IN CASE you missed any of our ten most read blogs of last week, here they are for you again – and well worth the read. At number one . . .
Peter Lloyd: It’s time to set ourselves free
Chris McGovern: VE Day and the trashing of Churchill
Laura Perrins: Why I loathe the lockdown
Gary Oliver: Down among the Labour Twits
Karen Harradine: Public call to Ramadan prayer crosses a dangerous line
Caroline ffiske: Now Gavin Williamson must follow Liz Truss’s lead
Margaret Ashworth: Notes from the sticks: Bacup, land of the Nutters
Michael Curzon: Why aren’t Brits welcome down on the farm?
Timothy Bradshaw: TCW’s Brexit Watch: A German bombshell
Kathy’s pick from the rest of the week:
Richard Harper’s Sorry we can’t always be safe is an elegantly argued case for learning to live with risk again, as we did before:
‘The lockdown may have saved some lives, it may have cost some, we’ll never really know. We normally accept this ambiguity but after this Government’s terror campaign we are now all demanding one hundred per cent safety’.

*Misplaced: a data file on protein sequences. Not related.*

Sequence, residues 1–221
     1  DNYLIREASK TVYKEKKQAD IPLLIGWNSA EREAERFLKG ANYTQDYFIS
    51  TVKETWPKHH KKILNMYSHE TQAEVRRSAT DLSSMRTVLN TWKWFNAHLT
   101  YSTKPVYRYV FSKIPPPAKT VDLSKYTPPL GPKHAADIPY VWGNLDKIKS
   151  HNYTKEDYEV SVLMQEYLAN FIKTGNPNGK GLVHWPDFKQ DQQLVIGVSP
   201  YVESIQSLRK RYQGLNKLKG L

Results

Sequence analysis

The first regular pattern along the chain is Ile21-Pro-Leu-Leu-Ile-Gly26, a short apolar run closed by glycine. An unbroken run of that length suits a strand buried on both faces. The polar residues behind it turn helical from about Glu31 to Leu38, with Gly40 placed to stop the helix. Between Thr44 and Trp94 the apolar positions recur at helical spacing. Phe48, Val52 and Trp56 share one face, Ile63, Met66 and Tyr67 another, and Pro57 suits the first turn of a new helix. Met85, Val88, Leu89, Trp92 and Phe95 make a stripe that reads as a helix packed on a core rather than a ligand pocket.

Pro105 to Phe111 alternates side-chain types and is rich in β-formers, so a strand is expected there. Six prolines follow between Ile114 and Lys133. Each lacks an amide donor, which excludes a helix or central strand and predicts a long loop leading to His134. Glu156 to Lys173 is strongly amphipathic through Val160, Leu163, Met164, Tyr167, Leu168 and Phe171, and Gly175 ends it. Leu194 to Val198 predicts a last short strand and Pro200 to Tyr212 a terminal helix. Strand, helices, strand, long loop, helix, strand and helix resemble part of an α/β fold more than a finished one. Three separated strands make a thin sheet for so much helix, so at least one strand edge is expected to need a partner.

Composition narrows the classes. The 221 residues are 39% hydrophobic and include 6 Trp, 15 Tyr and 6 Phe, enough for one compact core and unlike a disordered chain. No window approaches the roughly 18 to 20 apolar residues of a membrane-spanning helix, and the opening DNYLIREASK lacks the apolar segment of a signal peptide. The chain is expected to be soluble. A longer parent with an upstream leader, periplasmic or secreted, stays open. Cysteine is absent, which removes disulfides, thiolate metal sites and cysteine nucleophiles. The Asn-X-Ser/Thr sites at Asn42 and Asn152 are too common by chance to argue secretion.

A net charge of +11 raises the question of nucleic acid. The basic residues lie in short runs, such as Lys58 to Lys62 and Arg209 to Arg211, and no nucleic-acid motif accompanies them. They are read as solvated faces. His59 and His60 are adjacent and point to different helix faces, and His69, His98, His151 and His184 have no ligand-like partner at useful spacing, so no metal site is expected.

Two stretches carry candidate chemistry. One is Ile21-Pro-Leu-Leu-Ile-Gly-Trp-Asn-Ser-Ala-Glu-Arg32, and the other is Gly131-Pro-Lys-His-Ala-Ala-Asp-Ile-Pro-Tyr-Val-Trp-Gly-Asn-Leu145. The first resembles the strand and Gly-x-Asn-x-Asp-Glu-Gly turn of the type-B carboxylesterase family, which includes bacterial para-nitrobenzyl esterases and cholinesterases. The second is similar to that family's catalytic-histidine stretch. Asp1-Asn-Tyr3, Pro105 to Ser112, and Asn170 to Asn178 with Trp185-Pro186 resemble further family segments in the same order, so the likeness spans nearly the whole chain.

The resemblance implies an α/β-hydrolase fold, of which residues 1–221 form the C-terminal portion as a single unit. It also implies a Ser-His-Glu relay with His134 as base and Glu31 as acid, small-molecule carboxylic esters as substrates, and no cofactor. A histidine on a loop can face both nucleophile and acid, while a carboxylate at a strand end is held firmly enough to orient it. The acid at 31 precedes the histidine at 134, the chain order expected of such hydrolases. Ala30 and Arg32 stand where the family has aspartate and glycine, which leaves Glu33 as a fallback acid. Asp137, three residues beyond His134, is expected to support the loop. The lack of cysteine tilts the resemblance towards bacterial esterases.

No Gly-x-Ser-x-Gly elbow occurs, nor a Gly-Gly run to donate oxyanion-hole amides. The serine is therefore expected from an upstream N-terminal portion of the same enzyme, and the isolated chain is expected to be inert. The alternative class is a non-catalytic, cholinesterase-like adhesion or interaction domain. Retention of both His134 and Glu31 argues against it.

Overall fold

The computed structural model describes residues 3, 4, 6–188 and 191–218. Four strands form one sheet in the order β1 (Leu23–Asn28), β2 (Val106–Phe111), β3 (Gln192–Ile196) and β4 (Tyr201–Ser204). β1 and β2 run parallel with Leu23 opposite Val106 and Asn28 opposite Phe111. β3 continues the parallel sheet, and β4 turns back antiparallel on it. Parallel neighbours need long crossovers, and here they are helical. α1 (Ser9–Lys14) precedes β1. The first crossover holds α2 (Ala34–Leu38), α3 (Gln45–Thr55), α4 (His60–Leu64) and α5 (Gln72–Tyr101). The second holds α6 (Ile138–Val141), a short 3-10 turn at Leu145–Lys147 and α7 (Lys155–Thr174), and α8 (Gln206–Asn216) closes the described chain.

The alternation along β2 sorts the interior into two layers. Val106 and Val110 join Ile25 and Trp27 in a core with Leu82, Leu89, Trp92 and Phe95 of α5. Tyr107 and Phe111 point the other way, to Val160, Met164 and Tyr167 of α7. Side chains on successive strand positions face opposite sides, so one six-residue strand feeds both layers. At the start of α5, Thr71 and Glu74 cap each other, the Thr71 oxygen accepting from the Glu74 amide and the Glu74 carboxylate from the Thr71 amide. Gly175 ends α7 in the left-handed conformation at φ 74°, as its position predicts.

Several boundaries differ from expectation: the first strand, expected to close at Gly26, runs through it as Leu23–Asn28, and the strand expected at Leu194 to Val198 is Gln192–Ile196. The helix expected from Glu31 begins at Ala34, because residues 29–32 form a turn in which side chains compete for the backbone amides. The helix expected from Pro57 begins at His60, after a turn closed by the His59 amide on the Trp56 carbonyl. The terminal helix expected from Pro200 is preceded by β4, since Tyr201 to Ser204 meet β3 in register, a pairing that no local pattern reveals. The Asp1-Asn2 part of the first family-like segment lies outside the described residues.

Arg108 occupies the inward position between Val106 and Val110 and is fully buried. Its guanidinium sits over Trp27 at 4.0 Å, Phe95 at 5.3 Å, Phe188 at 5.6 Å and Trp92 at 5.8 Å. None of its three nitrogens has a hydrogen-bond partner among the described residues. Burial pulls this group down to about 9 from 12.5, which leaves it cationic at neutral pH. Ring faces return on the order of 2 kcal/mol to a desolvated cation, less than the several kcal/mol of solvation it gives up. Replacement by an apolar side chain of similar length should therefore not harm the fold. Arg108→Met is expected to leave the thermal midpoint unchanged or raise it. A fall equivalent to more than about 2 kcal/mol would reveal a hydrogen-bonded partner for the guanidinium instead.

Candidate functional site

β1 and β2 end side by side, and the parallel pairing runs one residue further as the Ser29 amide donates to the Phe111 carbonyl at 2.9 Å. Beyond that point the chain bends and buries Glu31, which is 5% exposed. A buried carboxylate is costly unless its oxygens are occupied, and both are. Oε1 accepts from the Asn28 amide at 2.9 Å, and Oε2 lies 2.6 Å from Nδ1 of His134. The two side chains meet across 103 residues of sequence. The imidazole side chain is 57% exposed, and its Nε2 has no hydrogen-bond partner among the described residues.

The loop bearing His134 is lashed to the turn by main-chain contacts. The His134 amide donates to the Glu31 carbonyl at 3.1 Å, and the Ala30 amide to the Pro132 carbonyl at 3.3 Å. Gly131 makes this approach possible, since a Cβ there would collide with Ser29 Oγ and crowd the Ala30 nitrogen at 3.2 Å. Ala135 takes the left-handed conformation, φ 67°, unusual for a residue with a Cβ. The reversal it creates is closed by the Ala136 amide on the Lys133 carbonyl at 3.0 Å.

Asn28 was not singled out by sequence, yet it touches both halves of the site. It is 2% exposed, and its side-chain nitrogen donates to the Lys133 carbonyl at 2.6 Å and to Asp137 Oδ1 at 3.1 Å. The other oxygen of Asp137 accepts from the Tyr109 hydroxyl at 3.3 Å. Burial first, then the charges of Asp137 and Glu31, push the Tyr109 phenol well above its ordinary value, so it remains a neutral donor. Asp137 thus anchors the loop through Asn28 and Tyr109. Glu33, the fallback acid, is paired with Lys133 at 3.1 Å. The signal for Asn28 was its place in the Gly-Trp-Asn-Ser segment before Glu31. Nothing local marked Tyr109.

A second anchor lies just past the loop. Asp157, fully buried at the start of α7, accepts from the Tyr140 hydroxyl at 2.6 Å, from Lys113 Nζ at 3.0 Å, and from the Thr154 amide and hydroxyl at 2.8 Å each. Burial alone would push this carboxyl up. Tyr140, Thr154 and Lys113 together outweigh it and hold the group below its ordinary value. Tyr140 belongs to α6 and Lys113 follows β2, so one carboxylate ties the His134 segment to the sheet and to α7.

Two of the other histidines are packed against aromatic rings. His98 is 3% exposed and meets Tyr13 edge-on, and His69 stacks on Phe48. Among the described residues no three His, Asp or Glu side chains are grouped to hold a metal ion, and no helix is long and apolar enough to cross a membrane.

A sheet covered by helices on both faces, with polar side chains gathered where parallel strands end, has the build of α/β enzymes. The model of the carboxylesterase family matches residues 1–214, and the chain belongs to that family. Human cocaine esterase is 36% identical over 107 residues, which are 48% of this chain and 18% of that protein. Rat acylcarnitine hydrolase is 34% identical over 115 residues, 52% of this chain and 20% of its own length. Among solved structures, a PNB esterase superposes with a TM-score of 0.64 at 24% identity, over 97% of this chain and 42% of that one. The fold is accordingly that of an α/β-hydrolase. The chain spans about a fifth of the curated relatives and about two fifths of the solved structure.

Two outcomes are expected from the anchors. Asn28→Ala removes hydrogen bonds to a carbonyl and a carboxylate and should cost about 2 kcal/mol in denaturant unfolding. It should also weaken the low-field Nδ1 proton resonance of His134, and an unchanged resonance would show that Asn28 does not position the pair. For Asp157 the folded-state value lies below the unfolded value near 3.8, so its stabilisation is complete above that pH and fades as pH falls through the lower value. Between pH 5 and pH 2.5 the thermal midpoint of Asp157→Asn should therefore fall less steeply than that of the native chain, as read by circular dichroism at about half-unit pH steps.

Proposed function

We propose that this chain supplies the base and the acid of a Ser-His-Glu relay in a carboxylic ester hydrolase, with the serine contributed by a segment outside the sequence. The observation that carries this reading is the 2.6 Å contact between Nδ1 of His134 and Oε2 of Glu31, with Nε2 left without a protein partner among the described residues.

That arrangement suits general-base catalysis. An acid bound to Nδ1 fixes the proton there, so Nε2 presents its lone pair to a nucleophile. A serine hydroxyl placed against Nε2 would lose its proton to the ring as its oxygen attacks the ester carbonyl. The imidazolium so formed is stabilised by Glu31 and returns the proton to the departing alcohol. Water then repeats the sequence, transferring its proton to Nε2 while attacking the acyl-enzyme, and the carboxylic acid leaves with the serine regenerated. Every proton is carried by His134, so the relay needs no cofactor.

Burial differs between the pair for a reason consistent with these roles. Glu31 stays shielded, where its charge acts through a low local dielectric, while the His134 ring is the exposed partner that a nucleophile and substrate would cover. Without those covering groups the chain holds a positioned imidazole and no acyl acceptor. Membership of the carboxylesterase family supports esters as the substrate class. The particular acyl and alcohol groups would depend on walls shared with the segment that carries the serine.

One of the great joys of and the most rewarding aspects of running TCW is being sought out by (dare I say – discovering) new writers and providing them with a platform. Veterinary surgeon Richard Harper is one such. Read and enjoy his piece here.
Margaret’s pick from the rest of the week: In When will churches fight for their God-given right to meet? Julian Mann wondered if and when some clergy might defy their leadership and re-open their churches in this time of spiritual need. He asked: ‘How might the police react if theological principle moved some churches to start meeting again? Would they arrest Christian worshippers or issue them with on-the-spot fines? If there were prosecutions, how might the courts react? Would they support the police or would they uphold the ancient British right to peaceable Christian assembly?’ Maybe we will have the chance to find out.